Urgent and Emergency Care

I was invited to speak at the future of urgent and emergency care services. It is unusual for a pharmacist to be invited to this sort of event – well I wasn’t directly, but Dr Michael Dixon felt that I would answer the brief about pharmacy to compliment his opening. As expected, there wasn’t a single pharmacist in the audience. The first batch of speakers talked exclusively about new ways of working in A&E and urgent care centres – somehow I didn’t expect anyone to mention that pharmacists are employed in these services, as well as out of hours and General Practice to provide care for patients with common acute conditions, but as usual community pharmacy was not mentioned.

Feathers slightly ruffled from the start. I had to explain that there was slightly more than General Practice within Primary Care – General Practice is only one of the four independent contractor contracts within primary care – and they all provide urgent care for patients. I had to explain that within NHS England’s report they clearly suggested that a shift all the way down the line was needed with increased focus on self-care and community pharmacy to relieve the increasing pressures up stream. And, with more than 438million healthcare interventions in community pharmacy (2008/9 data) – this was more than any other profession added together. You do realise that the community pharmacy estate is huge – more premises and open longer than GPs and often more convenient for patients.

I mentioned data around the symptom checker – just to remind people that most members of the public who used the symptom checker were young and female. And that 44% still went for a consultation. There is a hint there, that putting symptom checkers in unsupported environments, like libraries might just increase demand on general practice and other services.

I offered a solution of putting NHS Choices symptom checker into community pharmacy, backed up with access to an assistant or technician that can support navigation and a pharmacist should further explanation or an intervention be necessary. Link this to the Healthy Living Pharmacy initiative with qualified health trainers and you could really start to change behaviour and attitudes towards better health.

I talked about minor ailment services – renaming them ‘common acute condition services’ and despite over 1,000 pharmacies being open 100 hours a week and many more open 80 hours a week, this service was commissioned in only 10% of pharmacies. There was service specification variability and access to medicines was generally poor. Access to medical records is still zilch, although access to the summary care record is on the horizon and will help in the future. As a side comment, if I had £1 for every patient that had been passed over to the GP for a prescription, I would have retired long ago! It is also sad that a pharmacist at 21.55 in the evening can’t book a patient into the GP next day or skype call to an out of hour’s service for support – so you can guess where those patients go.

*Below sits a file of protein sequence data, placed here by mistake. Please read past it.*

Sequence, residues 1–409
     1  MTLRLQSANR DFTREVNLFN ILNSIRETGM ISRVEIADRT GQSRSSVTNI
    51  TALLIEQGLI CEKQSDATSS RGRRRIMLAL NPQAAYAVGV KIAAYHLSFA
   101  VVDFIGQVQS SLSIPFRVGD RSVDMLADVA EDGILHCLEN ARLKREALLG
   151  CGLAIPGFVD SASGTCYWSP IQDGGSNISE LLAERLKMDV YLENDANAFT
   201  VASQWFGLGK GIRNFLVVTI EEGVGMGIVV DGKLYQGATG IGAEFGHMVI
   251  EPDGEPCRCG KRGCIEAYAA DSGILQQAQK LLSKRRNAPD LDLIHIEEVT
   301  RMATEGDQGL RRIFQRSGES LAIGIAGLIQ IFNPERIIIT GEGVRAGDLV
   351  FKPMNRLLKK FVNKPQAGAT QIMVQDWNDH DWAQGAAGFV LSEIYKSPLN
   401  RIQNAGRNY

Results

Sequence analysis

I mentioned that the first minor injury training program, specifically for pharmacists was to be delivered this summer. Not requested by the NHS, I might add, but by pharmacists who, no doubt, will pay for their own training to deliver a higher level of service to their patients.

I was openly critical of the lack of working together in these services and suggested that it should be a basic requirement that GPs and Community Pharmacists work together to develop these services to the level that they need to be. In my opinion this is a serious flaw and limits the success of services. If the GP, Practice Nurse or receptionist simple enquired – “what did the pharmacist suggest” to patients with common acute conditions, perhaps we could turn this tanker around.

I questioned the use of NHS 111 where I am still not sure offers community pharmacy as a disposition. And the very few CCGs that underwrite the supply of medicines from a pharmacy in an emergency situation. There is no more of a heartsink moment in A&E when a patient turns up and says – “I am on holiday and I’ve forgotten my medicines and I’ll die without them”.

Those professions at the ‘bulk’ end of the scale –  General Practice, Community Pharmacy, Optometrists and Dentists must work together to create capacity and deliver more effective and more integrated care. We must share the load, and support more effective self-care to give those clever people at the top end of the system a little more space and time.


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